I Tried Making a Recipe from Canada's First Cookbook
Now that we're staying home due to COVID-19, I've seen many people baking bread and experimenting with their pantries. This modern pandemic seems to have brought us back to earlier times. In this spirit, I thought it'd be interesting to test a recipe from an early cookbook.
I chose the first cookbook published in Canada: The Cook Not Mad. (I won't repeat its full, fantastically-long 19th-century title here.) It's one of thousands of early Canadian books available on our Digital Archive.
Published in Kingston in 1831, this charming, palm-sized book includes recipes and household tips. Written for early settlers from Britain, the recipes reflect that heritage with adaptations for local ingredients.
Picking a recipe
Like the rest of Toronto, I’m following recommendations to limit trips to grocery stores during the pandemic. So my pantry lacked ingredients for some intriguing recipes in the book, like "Rice Snowballs" or "Federal Cake". However, I had everything for recipe number ninety-two, "Lemon Pudding".
The full recipe:
Four eggs, four ounces of sugar, one lemon grated with the juice, mix with four ounces of butter, one cup of cream, baked in a paste.
That’s it. Step by step it’s not, but let’s see. (Very brief recipes were common in the 1800s. They assumed the reader had experience with cooking and baking, so this shorthand was good enough.)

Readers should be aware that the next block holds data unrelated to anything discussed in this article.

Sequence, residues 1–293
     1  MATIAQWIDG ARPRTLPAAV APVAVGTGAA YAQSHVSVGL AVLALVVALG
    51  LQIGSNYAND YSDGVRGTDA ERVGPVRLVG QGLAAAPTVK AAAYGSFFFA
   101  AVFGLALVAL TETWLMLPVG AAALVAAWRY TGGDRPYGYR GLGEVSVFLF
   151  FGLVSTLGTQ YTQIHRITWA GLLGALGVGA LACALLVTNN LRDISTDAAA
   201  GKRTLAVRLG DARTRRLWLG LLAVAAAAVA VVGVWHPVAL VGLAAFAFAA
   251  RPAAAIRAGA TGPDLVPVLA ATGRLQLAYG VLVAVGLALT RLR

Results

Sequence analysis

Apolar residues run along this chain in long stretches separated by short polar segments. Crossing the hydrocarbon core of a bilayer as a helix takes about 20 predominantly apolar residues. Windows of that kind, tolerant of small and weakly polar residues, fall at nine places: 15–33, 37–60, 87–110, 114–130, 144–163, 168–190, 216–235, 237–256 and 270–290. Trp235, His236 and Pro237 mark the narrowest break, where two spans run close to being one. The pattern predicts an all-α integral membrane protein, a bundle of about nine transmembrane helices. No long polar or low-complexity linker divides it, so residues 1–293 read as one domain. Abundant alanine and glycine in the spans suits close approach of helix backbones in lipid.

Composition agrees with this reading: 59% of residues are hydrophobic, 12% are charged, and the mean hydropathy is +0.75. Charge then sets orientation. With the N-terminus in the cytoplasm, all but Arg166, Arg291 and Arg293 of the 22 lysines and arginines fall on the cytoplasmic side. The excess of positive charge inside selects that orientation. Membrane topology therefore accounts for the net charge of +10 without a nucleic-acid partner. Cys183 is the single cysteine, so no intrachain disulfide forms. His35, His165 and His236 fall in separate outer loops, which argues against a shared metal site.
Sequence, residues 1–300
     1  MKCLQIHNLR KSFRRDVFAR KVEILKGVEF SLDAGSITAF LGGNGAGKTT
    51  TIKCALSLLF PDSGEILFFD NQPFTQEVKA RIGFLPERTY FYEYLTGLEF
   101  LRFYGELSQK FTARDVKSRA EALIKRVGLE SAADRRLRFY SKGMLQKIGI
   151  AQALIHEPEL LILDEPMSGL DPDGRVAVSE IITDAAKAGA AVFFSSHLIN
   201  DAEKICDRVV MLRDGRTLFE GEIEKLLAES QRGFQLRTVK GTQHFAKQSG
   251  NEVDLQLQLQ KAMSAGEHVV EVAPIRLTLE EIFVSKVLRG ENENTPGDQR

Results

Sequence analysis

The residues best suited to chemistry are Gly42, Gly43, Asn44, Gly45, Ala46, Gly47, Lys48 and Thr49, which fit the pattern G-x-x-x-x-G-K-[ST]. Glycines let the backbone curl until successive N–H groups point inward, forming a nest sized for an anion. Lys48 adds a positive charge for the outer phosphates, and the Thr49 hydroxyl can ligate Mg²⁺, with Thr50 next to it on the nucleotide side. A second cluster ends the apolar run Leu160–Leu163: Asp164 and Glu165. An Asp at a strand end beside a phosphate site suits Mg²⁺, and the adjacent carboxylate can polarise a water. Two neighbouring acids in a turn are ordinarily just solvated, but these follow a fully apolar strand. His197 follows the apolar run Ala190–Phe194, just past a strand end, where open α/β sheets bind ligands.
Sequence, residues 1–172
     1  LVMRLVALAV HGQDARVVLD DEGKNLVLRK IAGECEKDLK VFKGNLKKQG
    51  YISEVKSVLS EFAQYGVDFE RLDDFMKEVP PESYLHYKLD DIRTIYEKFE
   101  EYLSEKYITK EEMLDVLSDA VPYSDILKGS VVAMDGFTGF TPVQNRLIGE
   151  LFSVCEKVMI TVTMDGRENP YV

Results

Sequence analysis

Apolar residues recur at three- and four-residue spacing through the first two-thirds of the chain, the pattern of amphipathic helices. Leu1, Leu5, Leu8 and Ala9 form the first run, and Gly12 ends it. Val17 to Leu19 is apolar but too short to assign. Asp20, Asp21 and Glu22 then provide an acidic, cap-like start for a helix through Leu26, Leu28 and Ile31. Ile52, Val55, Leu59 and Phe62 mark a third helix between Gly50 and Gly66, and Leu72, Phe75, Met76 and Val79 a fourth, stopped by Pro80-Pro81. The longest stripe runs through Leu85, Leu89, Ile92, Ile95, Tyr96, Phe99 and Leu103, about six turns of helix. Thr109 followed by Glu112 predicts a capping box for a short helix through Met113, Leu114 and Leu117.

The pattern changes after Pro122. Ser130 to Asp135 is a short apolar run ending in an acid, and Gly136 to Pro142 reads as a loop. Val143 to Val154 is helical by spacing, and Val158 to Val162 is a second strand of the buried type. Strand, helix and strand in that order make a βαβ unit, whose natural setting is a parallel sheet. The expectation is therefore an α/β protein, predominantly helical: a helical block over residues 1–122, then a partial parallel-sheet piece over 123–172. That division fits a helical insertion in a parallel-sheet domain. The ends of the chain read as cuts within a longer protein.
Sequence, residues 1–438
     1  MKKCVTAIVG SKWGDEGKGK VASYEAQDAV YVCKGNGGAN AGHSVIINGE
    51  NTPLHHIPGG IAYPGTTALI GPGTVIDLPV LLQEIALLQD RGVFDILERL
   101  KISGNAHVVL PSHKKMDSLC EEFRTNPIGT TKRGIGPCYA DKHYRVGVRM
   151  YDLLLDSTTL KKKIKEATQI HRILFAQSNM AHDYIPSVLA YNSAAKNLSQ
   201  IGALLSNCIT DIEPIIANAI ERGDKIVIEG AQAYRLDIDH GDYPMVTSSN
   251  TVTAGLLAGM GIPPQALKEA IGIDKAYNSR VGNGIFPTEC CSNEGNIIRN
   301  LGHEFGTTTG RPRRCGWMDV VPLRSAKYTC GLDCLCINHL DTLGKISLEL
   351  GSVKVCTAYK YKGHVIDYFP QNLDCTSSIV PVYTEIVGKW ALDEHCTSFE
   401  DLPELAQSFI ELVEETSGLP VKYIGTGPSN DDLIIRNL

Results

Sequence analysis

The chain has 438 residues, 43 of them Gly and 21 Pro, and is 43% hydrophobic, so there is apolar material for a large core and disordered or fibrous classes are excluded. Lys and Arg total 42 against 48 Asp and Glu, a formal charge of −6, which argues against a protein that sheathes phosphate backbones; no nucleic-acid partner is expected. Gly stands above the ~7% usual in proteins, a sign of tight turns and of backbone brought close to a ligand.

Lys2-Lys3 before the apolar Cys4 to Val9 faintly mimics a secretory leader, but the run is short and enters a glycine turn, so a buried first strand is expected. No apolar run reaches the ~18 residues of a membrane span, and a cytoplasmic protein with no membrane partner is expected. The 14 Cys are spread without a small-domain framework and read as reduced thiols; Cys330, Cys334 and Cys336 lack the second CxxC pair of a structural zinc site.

In old recipes, as in modern ones, it’s necessary to read to the end. Here, for example, the recipe ends with “Bake in a paste.” “Paste” sounds a little…icky, but translated into modern usage, this just means pastry. So our lemon pudding appears to be a tart.
Baking the recipe
The pastry base is not part of the recipe, so I prepared a standard one-crust pie dough and baked before adding the filling. This is often done for custard pies. Fortunately, I had the beans needed for blind baking (pre-baking) the crust.
Now for the filling. No details are given for how to put the ingredients together, so I guessed: I creamed the butter with the sugar; then added the juice and grated rind; then the eggs one by one, using a whisk to keep the mixture smooth. I mixed the cream in last, and poured the result into the cooled crust.
There’s no indication of baking temperature, which is not surprising since they didn’t have electric ovens in 1831. Custard pies are normally baked at a lower setting than fruit pies, so I set my oven to 350 Fahrenheit and left the pie in until it looked done, which took forty minutes.
The end result tasted like a lemon square. My perception may be influenced by the fact that I ran out of chocolate or dessert in any form about a week ago, but it tasted pretty good to me. If you like lemon squares, and can’t run out to your nearest café to get one, why not try this recipe from the past?
A modern update of the recipe is available on page 75 of an annotated 1972 edition of the book if you'd prefer less guesswork. If you have your own suggestions for a different approach to the recipe, please share in the comments!
More from TPL
While you’re enjoying your lemon pudding, you can have a look at our online resources related to cooking:
- Vintage cookbooks in our Digital Archive (I hope to try The Dominion Cook Book next)
- Current and popular cookbooks available as ebooks from the library
- Our digital magazines include cooking magazines